When the personal becomes collective

When the personal becomes collective

When the personal becomes collective

Conversations about sexuality cannot be complete until we talk about the culture in which we have these discussions. Often the root of unhealthy sexual behavior stems from a view of other people as objects. Yet it’s challenging to see these beliefs and behaviors when as a culture, through the media or systems of power, we view women in a particular way.

A few months ago, the conversation around #metoo helped to rebalance the view of how sex (and power) is experienced in our society. Talking about moments of unwanted sexual attention brought our attention to the objectifying habits entrenched in our society. It was shocking to many people that what we, as a society, understood as “normal” was actually unhealthy and even harmful.

Even before he was the only male in our practice, Landon Dunn, LSW, LIDCD, had his own awakening to the societal influences of how men view women. Landon moved “from bubble to bubble” in his ventures from a Findlay childhood to Oxford, Ohio for college, but in his time in Los Angeles at grad school, the west coast gender-neutral language was a contrast to his midwestern upbringing.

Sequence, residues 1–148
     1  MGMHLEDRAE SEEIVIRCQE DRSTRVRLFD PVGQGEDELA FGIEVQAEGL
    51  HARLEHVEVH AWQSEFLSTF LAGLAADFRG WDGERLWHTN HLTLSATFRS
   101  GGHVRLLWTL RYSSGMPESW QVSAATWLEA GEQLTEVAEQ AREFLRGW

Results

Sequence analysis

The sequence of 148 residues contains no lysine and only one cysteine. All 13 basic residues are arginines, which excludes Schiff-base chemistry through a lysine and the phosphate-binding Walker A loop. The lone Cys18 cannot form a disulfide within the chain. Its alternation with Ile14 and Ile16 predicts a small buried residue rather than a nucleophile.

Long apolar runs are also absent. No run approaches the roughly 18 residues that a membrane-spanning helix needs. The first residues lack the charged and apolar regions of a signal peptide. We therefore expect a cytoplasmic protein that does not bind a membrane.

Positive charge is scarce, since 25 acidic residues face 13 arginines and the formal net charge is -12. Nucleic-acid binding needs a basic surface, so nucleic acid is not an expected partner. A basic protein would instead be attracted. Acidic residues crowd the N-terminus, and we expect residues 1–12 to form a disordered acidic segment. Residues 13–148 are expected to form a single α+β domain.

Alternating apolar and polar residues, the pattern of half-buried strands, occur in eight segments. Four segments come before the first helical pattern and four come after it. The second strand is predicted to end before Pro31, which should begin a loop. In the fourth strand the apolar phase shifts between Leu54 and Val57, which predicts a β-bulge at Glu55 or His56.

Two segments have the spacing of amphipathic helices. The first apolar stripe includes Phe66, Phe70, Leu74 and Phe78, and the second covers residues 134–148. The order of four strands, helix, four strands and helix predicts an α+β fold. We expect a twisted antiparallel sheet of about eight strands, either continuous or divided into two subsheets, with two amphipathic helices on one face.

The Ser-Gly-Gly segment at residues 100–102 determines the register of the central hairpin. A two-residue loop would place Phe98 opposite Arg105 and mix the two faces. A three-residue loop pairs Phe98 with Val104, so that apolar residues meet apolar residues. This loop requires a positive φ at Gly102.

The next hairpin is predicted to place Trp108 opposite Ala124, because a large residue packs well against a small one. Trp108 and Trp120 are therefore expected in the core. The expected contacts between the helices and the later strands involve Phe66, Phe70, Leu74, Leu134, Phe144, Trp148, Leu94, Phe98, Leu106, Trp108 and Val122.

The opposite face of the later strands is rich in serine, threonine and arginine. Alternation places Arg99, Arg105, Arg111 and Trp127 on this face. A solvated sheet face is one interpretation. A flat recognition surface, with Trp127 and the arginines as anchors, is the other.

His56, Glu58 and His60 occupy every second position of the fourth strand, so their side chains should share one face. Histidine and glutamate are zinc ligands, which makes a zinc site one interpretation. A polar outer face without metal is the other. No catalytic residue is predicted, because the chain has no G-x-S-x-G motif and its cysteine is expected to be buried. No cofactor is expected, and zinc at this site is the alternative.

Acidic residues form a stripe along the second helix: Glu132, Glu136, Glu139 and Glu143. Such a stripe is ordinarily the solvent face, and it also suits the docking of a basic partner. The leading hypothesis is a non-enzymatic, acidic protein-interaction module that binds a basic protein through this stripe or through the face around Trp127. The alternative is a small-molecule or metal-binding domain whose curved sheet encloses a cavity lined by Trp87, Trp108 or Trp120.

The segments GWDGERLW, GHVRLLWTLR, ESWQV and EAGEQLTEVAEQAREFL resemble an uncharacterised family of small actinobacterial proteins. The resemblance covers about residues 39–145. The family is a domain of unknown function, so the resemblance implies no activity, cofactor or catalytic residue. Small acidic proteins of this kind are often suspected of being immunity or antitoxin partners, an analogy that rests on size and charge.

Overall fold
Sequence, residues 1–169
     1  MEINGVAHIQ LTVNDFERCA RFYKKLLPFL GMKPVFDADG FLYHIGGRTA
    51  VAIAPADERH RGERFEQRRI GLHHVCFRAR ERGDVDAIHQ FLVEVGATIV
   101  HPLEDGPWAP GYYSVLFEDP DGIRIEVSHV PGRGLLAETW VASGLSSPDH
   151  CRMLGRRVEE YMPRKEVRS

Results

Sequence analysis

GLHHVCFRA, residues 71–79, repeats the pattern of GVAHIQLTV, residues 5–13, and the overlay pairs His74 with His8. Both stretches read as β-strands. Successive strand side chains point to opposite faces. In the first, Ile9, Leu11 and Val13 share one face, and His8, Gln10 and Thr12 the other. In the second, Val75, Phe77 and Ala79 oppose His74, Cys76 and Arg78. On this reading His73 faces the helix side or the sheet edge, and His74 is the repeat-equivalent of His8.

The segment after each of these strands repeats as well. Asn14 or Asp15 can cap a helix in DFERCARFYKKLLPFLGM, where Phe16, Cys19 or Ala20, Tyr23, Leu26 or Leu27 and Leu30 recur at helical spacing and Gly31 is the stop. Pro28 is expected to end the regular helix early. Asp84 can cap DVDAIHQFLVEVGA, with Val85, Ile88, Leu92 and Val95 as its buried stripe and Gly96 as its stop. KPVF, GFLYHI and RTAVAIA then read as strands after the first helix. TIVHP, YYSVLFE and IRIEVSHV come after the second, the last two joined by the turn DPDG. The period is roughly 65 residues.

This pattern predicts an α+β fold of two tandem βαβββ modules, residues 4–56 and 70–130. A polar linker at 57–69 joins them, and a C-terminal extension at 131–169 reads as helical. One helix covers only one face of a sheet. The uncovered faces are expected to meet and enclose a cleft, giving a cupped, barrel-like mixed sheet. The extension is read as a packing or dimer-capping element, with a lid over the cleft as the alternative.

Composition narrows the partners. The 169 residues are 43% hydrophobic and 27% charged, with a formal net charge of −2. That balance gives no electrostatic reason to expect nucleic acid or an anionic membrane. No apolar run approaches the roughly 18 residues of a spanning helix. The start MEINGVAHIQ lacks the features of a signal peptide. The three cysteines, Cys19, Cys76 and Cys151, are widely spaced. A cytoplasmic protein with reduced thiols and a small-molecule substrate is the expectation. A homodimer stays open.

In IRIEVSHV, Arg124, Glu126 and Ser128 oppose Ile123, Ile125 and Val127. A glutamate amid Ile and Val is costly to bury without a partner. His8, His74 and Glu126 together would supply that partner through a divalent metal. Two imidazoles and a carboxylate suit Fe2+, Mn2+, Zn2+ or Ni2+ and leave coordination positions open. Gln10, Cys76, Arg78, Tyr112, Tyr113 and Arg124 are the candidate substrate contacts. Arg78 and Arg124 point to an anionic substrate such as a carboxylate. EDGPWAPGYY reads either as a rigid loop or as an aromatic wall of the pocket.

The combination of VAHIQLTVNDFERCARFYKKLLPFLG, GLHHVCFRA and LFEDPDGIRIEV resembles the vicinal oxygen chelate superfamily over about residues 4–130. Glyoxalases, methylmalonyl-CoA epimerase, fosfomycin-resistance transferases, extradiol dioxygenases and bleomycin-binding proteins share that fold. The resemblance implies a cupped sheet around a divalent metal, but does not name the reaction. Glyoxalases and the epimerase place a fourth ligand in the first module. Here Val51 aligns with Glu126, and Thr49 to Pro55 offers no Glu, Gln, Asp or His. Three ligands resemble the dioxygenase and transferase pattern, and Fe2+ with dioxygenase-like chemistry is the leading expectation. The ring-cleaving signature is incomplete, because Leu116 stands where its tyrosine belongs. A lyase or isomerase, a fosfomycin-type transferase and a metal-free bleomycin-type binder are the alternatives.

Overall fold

These experiences made him reconsider the effects of social constructs that made it okay to talk about or to women in particular ways.  Landon became aware of the differences between looking at someone or maintaining eye contact with her. He learned to ask questions with an eagerness to learn. By seeing each individual as a person with something to offer the conversation, he can refrain from truncating or wanting only to be heard. These habits may seem commonsense to some, but part of the #metoo conversation reveals that for many women, this has not been the experience. Landon’s individual actions, joined with those living with intentional awareness around areas of gender equality, are shifting the collective experience.

Evaluating the social conversations around sexuality, along with our personal understanding of sexuality – both our own sexuality and the sexual being of another person – leads us to becoming better humans, in our thoughts and in our interactions.

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When the personal becomes collective

Having “The Talk” With Kids & Teens

Having "The Talk" With Kids & Teens